3. Pierrot & Bilitis

A moonstruck Commedia dell’Arte Pierrot and a courtesan from ancient Greece are the rather bizarre combination of personnel for this week’s page.

Debussy’s Trois Chansons de Bilitis are settings of (mostly) erotic poems by Pierre Louÿs, supposedly (though Louÿs’ deception was soon discovered) written by the courtesan Bilitis, an imagined contemporary of Sappho.

Debussy also wrote incidental music for Louÿs’ work, and thought sufficiently well of the music to arrange it, as Six épigraphes antiques, firstly for piano duet (version below) and then for solo piano.

Pierrot Lunaire is very different. Schönberg set, for his opus 21, twenty-one poems (in three groups of seven) by the Belgian Symbolist poet Albert Giraud, in a free German translation by Otto Hartleben. They are, however, not songs but melodramas for speaker and chamber ensemble, with the composer notating not only the rhythm of the recitation but also its relative spoken pitch – Sprechstimme:

(the Sprechstimme‘s indicated by the small crosses (x) on the stem of each note.)

In this work Schönberg takes the ‘atonality’ – the lack of key centre – of the finale of his f-sharp quartet as the basis of his musical language throughout.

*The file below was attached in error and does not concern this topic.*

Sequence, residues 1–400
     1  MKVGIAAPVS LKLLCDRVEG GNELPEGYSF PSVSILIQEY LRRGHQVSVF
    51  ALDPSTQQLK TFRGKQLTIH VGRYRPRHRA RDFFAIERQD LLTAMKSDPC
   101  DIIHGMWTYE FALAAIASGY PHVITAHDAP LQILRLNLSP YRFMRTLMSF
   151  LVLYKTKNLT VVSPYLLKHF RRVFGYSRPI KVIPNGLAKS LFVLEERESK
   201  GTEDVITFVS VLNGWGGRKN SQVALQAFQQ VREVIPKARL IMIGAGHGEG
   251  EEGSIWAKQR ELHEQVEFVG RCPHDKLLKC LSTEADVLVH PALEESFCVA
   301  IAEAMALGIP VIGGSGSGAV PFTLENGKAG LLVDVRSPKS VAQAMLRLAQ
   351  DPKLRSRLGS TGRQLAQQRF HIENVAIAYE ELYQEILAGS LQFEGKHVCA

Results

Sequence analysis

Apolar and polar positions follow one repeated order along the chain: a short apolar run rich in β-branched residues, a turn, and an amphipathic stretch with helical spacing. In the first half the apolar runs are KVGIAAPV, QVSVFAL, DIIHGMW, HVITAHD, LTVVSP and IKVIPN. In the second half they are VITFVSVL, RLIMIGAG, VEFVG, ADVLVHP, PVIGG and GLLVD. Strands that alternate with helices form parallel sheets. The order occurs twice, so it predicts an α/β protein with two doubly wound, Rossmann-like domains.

Pierrot Lunaire, Op. 21

Part 1:
1. Mondestrunken 0:56
2. Colombine 2:39
3. Der Dandy 4:30
4. Eine blasse Wäscherin 5:52
5. Valse de Chopin 7:25
6. Madonna 8:50
7. Der kranke Mond 10:58

Part 2:
8. Nacht 13:16
9. Gebet an Pierrot 15:48
10. Raub 16:41
11. Rote Messe 17:54
12. Galgenlied 19:45
13. Enthauptung 20:09
14. Die Kreuze 22:22

Part 3:
15. Heimweh 24:55
16. Gemeinheit 27:10
17. Parodie 28:20 18.
18. Der Mondfleck 29:50
19. Serenade 30:49
20. Heimfahrt 33:16
21. O alter Duft 35:03


Trois Chansons de Bilitis

I – La Flûte de Pan (English translation)
II – La Chevelure (English translation)
III – Le Tombeau des Naïades (English translation)


Six épigraphes antiques

1. Pour invoquer Pan, dieu du vent d’été
(for summoning Pan, god of the summer wind); 0.00
2. Pour un tombeau sans nom
(for a tomb without a name); 2:18
3. Pour que la nuit soit propice
(In order that the night be propitious); 5:18
4. Pour la danseuse aux crotales
(for the dancer with crotales); 7:34
5. Pour l’Égyptienne
(for that Egyptian girl…); 9:59
6. Pour remercier la pluie du matin
(thankful for the morning rain) 12:52

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